Self Improvement and Suicide

Content warning: Talks of suicide

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Self-Improvement month being at the same time as Suicide prevention month is on a fine line of miscommunication. The idea of someone thinking that all suicides involve people that need self-improvement could be flawed. People often think that people who need self improvement are needing the improvement in better looks, health, job, and family relationships. If it is only that, how is it that outwardly perfect people can end their lives? No matter how perfect the outside is, the inside needs to be as well. 

Self-improvement is setting aside that time to do things that will make you feel like you matter. 

Let’s face it, there is no set list to say what can make “YOU” feel like you matter. For an instant, I do not think my size is a part of me feeling like I matter. While some of my good friends feel like they have to have the slimiest, fittest body to matter. I feel like my relationship with God, and my relationship with my family is the most important relationship in the world. While someone else may feel like the relationships they build to bring them up in the career world are the most important.

This being said What really matters can also be twisted all around. What we know. We know that suicide sucks. Often, we do not think about anyone around us. We only think about our pain. In fact, the day I started thinking about others’ pain most of all was the day that suicide become a hard act for me to follow through with.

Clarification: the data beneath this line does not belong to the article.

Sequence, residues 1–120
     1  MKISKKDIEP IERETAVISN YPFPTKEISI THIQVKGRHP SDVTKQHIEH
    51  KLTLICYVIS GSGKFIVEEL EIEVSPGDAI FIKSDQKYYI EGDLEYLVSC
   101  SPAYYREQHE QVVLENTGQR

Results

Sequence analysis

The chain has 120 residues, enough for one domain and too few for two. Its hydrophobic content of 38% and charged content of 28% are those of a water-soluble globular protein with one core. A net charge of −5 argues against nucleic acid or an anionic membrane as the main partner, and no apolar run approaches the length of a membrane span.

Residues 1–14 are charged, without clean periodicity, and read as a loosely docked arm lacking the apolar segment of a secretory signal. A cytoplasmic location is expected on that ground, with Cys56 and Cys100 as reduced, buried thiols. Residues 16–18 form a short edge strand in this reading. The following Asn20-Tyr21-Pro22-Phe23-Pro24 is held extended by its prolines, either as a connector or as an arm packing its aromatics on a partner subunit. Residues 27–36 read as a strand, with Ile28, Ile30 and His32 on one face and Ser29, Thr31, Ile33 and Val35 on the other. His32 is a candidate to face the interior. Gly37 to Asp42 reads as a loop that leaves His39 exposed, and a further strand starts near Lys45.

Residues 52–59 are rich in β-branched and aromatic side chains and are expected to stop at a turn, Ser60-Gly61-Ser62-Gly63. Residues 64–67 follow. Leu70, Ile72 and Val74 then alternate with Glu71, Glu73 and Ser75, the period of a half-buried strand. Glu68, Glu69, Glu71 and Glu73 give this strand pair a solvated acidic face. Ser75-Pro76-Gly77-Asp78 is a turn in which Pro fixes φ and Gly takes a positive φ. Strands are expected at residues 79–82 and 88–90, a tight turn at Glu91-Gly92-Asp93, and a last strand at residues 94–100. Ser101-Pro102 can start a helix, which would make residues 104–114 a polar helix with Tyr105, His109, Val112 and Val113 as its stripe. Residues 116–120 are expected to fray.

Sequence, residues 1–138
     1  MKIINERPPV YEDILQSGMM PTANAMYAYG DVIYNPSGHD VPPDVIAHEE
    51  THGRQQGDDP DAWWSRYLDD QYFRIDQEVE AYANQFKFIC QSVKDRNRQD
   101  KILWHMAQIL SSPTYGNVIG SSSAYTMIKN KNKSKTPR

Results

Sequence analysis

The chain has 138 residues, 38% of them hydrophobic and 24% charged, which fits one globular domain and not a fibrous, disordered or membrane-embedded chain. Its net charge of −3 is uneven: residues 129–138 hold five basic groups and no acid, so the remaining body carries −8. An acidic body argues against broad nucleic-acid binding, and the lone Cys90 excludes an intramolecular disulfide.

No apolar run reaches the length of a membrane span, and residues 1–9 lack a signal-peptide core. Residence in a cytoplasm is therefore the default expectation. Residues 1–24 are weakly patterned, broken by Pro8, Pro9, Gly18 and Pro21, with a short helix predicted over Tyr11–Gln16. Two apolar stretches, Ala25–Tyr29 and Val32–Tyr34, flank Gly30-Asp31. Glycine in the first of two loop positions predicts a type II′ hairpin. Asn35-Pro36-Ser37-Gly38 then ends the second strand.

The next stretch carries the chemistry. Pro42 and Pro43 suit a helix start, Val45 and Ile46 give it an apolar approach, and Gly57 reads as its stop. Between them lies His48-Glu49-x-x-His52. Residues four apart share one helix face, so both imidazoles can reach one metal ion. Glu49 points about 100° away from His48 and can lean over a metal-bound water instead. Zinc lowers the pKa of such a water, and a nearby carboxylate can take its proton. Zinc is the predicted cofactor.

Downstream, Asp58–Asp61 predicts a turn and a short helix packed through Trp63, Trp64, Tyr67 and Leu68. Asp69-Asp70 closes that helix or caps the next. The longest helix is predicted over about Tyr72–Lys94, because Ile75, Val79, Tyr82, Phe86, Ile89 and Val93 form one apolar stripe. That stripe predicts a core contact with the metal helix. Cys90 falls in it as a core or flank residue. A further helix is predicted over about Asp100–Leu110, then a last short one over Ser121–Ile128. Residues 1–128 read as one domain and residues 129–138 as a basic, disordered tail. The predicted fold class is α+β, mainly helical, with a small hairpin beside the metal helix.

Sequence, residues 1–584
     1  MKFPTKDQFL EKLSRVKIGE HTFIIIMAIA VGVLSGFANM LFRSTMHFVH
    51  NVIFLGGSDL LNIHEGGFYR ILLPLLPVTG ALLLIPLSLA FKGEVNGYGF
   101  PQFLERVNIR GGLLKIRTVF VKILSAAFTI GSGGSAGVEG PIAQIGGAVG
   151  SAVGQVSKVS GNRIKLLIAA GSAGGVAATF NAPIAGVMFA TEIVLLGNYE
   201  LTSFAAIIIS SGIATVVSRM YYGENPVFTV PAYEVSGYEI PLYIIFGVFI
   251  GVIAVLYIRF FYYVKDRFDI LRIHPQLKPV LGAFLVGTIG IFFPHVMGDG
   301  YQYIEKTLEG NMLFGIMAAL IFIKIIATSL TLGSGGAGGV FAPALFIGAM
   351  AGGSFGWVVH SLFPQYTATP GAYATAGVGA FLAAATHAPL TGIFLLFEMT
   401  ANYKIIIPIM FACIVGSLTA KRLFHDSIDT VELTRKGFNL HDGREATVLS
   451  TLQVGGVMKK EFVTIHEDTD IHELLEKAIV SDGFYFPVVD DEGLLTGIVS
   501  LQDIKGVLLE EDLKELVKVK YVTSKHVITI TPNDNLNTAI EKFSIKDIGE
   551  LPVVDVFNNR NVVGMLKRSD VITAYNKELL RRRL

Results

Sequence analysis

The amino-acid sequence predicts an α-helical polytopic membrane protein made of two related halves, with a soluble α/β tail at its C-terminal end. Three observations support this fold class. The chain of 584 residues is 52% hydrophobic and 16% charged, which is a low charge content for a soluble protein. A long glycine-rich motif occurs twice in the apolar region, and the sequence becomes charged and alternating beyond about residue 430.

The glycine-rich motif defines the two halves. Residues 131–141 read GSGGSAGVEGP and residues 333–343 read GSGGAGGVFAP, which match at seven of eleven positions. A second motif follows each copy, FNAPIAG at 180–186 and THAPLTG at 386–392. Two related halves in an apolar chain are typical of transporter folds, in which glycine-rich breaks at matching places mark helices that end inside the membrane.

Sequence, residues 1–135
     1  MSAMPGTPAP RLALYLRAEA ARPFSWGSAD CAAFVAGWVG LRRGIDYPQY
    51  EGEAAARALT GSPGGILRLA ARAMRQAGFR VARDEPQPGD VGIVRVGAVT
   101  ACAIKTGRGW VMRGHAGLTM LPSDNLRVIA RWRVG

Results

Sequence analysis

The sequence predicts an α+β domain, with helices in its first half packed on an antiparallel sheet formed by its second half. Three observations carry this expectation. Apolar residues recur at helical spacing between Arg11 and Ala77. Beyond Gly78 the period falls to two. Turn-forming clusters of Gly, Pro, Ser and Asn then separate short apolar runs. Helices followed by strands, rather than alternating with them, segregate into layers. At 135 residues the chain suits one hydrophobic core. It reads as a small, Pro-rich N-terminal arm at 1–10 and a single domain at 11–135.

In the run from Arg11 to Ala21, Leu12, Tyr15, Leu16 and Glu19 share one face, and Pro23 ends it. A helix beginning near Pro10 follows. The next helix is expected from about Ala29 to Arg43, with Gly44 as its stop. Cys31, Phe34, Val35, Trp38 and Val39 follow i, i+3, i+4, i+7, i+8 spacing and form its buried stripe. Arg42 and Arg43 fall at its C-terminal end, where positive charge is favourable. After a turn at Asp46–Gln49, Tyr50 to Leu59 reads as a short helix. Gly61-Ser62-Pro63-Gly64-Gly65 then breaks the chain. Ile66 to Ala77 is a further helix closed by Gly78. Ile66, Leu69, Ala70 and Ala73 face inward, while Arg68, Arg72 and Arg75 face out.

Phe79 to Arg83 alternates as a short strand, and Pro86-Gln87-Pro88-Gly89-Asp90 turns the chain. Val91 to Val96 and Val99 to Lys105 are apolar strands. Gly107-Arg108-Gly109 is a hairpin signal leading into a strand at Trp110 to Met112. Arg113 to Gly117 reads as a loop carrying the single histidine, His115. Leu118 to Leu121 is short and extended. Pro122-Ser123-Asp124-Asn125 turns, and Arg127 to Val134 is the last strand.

I just held a little experiment and asked our boys what was the first thing they thought of when I said Self-improvement. Our 16-year-old said mental stuff and the 14-year-old said he didn’t know. As time passes new generations come along and this is the big divide. Gen X seems to still have some stereotypes regarding the type of people that need therapy, and Millennials/ Gen Y seems to be more accepting. My generation which can be argued to be a Millenial or Xennial, and they seem to be the starting point of change in Mental Health care. This next generation Gen Z has come to a place so far ahead with how they feel about mental health that it isn’t as a big deal to receive therapy or even the idea you need therapy. 

While therapy has become more of the norm, suicide sadly has broken into the norm as well. I have known people that have committed suicide that had everything to live for. But something deep down was just not right. Each time I know someone that commits suicide, I try to make an excuse for them. I try to understand. At the end of the day, the fact is that improvement is something we all so need but do not have enough people willing to spend time doing the work.  It has to be that. Back when I was younger my generation did not have the outlets that today has given us. A teenager could not just google their problem and have thousands of people that have the same issue and want to reach out and help right at their fingertips. Today we cannot blame the fact that there is no one to talk to. That is just impossible. There are so many outlets free to you for you to reach out to. There are a ton of sites that can show you are not alone. Self-help has thousands of websites to look at, read, and get involved with. Thousands of YouTube videos. There is no secret society that you need to be in to have access to all these things for someone that appears perfect but at the end of the day is quite broken.   

All that to ask how do you do self-care? Here are some suggestions. 

  • Focus on your strengths. This is a huge one because no matter if it is outwardly or internally you will have to rely on your strength.
  • Focus on solving problems. This is Incredibly hard to do when most of your problems are internal but you must face this and do the work…
  • Focus on the future life that you can have. 
  • Focus on your life and the people who love you, stop just seeing the troubled areas as your entire worth.
  • Surround yourself with people you care about. 
  • Most importantly ASK FOR HELP

Xoxo Evie


https://linktr.ee/Findingevie

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